The Problem with a Bully

By Robert Fleischmann, National Director of Christian Life Resources

It appears most people define a “bully” as the strong and mean intimidating the weak and meek. At one time, bullying meant mean kids picking on weaker or disadvantaged kids. I think that definition is obsolete.

Contemporary bullying appears to be an activity one engages in because he or she has failed to make a case democratically, logically, rhetorically, or legally. We saw this over the past year when speakers were shouted down at university events as being “too” liberal or “too” conservative. This form of bullying still uses intimidation but has combined it with disruption techniques designed to silence a different point of view. This form of bullying is the contingent remedy for those who cannot win their argument through dialogue or democratic means.

Heather Gerken, the dean of Yale Law School, wrote a great single-paged article on this topic in the July 24, 2017 issue of Time magazine. You can read it here.

As Christians our calling is simple – speak the truth (Zechariah 8:16; Ephesians 4:25). That directive might appear to permit disruptive protests to drown out contrary voices. Scripture, however, provides the caveat to speak the truth “in love” (Ephesians 4:15).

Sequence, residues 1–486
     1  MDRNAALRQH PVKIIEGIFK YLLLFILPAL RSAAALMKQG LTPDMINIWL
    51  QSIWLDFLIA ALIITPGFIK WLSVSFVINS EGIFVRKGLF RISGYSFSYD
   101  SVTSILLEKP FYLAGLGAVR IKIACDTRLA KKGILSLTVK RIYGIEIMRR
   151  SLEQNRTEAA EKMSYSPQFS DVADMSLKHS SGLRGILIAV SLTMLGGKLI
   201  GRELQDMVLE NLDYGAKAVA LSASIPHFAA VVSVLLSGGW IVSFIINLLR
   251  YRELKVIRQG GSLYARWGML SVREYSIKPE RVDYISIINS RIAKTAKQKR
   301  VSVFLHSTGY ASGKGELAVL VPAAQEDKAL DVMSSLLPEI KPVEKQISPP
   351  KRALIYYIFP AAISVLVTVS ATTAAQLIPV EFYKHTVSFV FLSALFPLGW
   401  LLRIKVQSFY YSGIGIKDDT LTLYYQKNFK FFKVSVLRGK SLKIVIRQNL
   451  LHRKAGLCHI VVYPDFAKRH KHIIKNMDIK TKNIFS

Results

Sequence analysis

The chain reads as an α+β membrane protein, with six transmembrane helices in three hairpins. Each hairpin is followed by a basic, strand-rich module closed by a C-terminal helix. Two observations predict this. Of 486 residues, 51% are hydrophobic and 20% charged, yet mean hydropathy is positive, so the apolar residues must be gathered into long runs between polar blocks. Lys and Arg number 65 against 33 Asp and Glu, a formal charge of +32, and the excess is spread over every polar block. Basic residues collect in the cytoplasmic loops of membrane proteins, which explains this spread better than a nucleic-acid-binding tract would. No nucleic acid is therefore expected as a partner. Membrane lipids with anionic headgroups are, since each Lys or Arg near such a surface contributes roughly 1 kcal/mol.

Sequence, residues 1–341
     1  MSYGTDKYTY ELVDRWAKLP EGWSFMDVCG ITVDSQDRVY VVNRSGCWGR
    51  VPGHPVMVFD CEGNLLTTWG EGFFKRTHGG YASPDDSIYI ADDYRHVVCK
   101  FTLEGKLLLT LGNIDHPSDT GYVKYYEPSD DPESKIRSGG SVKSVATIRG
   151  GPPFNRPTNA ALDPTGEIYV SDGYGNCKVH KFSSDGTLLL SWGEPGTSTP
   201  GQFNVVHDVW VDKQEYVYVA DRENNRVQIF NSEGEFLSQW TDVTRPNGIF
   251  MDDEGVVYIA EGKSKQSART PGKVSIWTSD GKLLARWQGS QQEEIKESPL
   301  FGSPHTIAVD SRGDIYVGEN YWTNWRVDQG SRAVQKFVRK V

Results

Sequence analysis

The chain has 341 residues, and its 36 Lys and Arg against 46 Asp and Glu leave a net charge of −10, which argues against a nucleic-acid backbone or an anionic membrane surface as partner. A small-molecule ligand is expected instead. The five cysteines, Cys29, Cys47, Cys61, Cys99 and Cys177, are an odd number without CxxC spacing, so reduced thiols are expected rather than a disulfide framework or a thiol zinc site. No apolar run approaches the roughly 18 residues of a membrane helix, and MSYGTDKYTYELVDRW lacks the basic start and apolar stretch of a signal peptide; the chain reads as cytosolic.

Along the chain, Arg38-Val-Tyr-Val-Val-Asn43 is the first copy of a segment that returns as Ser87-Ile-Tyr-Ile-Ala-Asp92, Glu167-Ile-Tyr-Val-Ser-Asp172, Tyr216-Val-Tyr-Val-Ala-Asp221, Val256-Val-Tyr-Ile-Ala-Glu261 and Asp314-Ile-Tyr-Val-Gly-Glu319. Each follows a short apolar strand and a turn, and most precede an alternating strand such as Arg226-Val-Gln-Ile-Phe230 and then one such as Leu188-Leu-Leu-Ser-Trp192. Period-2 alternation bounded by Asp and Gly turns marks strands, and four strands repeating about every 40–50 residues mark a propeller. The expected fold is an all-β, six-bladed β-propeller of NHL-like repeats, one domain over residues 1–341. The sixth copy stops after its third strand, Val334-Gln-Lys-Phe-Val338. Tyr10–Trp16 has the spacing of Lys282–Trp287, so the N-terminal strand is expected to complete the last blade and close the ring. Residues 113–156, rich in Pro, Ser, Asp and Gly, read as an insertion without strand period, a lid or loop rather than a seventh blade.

It makes sense when you think about it. We cannot “correct, rebuke, and encourage” (2 Timothy 4:2), love our enemies and do good to those who hate us (Luke 6:27) if we are insulting, disrupting, and harsh. The calling to be lights in a sin-darkened world (Philippians 2:15) is predicated on having and nurturing a relationship. You cannot nurture a relationship through methods of disruption and disrespect.

Our ultimate goal is not to win an argument but to communicate the truth of God’s love in Jesus Christ. Our message is God’s instrument for changing hearts. Drowning out a contrary voice – even a heretic – forfeits an opportunity to speak the truth and to be heard.

Jesus walked among the tax collectors, prostitutes, zealots, laborers, Pharisees, and religious leaders. Some had nothing but contempt for who he was and what he was saying. Nevertheless, with great patience and careful instruction, he spoke the truth in love. It pushed some further away (Matthew 12:14) and brought others closer (John 3).

In this imperfect world, there is always error. Our objective standard of truth is Scripture. To share its message of truth we need to build bridges and not walls whether our topics are abortion, euthanasia, evolution, creation, or salvation. For the follower of Christ taking the high road of speaking the truth in love is our only road – even when confronting a bully.


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